Hooded Merganser at Kilbirnie Loch, Ayrshire, Scotland. 20/11/2016

Posted: November 21, 2016 in Birding, Twitching
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The controversy surrounding most unusual wildfowl arriving on our shores has always mystified me, the usual questions, “is it wild, does it come to bread, has it got a ring, has it escaped from a wildfowl collection?” All may have a bearing on a bird’s ability to get it self-accepted by the rarity committee. The fact remains that if they all satisfy the identification criteria then, without being able to communicate with these creatures apart, we will never really know where they have come from!

Many years ago we headed up to RSPB Lochwinnoch, just north of Kilbirnie Loch and after an unsuccessful attempt, connected with an American Black Duck, which was accepted by the rarity committee. So when a male Hooded Merganser arrived at RSPB Lochwinnoch last week we began to make plans to visit the bird. The bird then moved onto Kilbirnie Loch and we decided to head north on Sunday. I met the lads from York in Milnrow, Mark K, Mark L & Ellis L at 7am and away we went in my car. The drive over the Lune Valley, Shap, Lockerbie and Beatock was made rather spectacular because of the amount of snow that had fallen in the last week, great scenery. Well Glasgow was reached and a really major amount of roadworks were being carried out, without too much effect on our progress. We passed three major football grounds close to the motorway namely, Hampden Park, Celtic Park and Ibrox.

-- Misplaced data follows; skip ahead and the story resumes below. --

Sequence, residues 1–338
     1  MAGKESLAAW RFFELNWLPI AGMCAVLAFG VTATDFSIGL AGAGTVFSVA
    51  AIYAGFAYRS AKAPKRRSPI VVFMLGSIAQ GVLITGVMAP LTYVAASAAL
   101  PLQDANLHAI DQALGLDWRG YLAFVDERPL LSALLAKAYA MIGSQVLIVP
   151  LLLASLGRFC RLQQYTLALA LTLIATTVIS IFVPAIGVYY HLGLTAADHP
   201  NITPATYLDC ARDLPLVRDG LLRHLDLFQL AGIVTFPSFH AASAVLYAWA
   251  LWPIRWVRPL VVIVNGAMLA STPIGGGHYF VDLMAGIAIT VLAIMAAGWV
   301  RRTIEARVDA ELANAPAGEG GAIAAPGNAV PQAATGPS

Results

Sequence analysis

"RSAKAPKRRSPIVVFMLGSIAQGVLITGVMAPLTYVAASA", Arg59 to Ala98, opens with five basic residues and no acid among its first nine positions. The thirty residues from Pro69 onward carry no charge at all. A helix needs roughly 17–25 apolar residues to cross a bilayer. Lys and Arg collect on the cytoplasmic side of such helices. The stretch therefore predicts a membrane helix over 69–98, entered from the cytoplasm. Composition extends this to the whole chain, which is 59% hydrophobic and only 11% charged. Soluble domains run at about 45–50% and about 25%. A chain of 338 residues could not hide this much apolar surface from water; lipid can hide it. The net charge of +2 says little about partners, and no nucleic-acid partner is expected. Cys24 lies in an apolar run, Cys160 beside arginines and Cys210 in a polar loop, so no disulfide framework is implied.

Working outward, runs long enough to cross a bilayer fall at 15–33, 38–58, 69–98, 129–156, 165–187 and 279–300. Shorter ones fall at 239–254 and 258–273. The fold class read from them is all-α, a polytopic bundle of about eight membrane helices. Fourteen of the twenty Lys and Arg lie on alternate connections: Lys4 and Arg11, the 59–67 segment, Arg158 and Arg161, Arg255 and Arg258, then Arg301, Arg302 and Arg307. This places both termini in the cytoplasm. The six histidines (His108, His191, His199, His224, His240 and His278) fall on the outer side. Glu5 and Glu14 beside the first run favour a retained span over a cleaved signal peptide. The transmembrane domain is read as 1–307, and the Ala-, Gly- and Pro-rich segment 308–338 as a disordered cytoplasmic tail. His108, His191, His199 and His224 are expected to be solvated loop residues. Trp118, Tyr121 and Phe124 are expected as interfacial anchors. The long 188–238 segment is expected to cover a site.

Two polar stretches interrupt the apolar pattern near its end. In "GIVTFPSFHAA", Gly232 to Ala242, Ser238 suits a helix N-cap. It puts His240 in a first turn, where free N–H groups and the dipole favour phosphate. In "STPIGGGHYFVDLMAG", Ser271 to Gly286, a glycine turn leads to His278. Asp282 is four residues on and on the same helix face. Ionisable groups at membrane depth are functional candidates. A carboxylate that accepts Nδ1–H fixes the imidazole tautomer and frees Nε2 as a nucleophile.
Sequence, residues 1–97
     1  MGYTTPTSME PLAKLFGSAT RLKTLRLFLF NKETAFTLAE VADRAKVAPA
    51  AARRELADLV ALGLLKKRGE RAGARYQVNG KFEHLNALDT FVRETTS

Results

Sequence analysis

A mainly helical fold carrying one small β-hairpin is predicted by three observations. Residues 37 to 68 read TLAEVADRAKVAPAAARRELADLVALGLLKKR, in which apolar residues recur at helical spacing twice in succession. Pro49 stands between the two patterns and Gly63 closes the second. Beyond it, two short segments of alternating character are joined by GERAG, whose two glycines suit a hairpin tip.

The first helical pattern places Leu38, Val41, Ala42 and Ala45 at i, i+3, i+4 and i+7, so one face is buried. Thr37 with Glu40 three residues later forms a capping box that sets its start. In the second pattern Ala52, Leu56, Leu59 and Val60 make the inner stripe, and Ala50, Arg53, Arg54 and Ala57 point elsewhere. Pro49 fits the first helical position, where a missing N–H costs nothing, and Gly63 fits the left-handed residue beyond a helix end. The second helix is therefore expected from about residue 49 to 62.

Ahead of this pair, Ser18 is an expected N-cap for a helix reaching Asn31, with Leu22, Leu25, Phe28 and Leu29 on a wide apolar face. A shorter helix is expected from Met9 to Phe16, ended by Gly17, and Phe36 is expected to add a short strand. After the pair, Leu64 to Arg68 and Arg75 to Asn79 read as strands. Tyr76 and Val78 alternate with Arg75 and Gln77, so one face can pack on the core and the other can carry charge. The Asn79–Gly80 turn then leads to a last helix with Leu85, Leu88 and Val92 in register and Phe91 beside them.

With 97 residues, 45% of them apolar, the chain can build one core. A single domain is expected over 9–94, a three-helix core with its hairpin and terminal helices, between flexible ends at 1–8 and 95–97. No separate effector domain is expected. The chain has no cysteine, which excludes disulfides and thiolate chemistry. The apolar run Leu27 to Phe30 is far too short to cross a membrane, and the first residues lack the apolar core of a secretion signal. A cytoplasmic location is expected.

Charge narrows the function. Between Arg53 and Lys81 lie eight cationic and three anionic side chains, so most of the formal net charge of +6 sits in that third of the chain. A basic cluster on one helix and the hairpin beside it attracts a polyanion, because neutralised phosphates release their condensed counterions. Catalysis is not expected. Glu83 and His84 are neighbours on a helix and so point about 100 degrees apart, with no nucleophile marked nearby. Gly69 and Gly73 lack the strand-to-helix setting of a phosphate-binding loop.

We reached Kilbirnie Loch around 10-45am and the bird was found on the far side of the water and did not give any real chance to the waiting cameras. Mark commented that we were all a little bit underwhelmed with the bird, but nevertheless a cracking bird seen well in the telescope as it dived for small fish. Not many other birds were present here so after a while we moved up to Lochwinnoch. This reserve has been transformed since my last visit and was really nice. With time pressing on we headed south hoping to reach Brampton near Carlisle to connect with a group of Waxwings in the area.

Reaching the sleepy town of Brampton around 2-20pm, we soon located a flock of around 40 Waxwing`s. The birds must have been feeding all day and were getting into “roost mode” as they kept their distance, before flying away around 3pm. The weather had been a little gloomy all day up to now, but as we headed south over Shap the sunset lit up the spectacular scenery once more.

Dave O.


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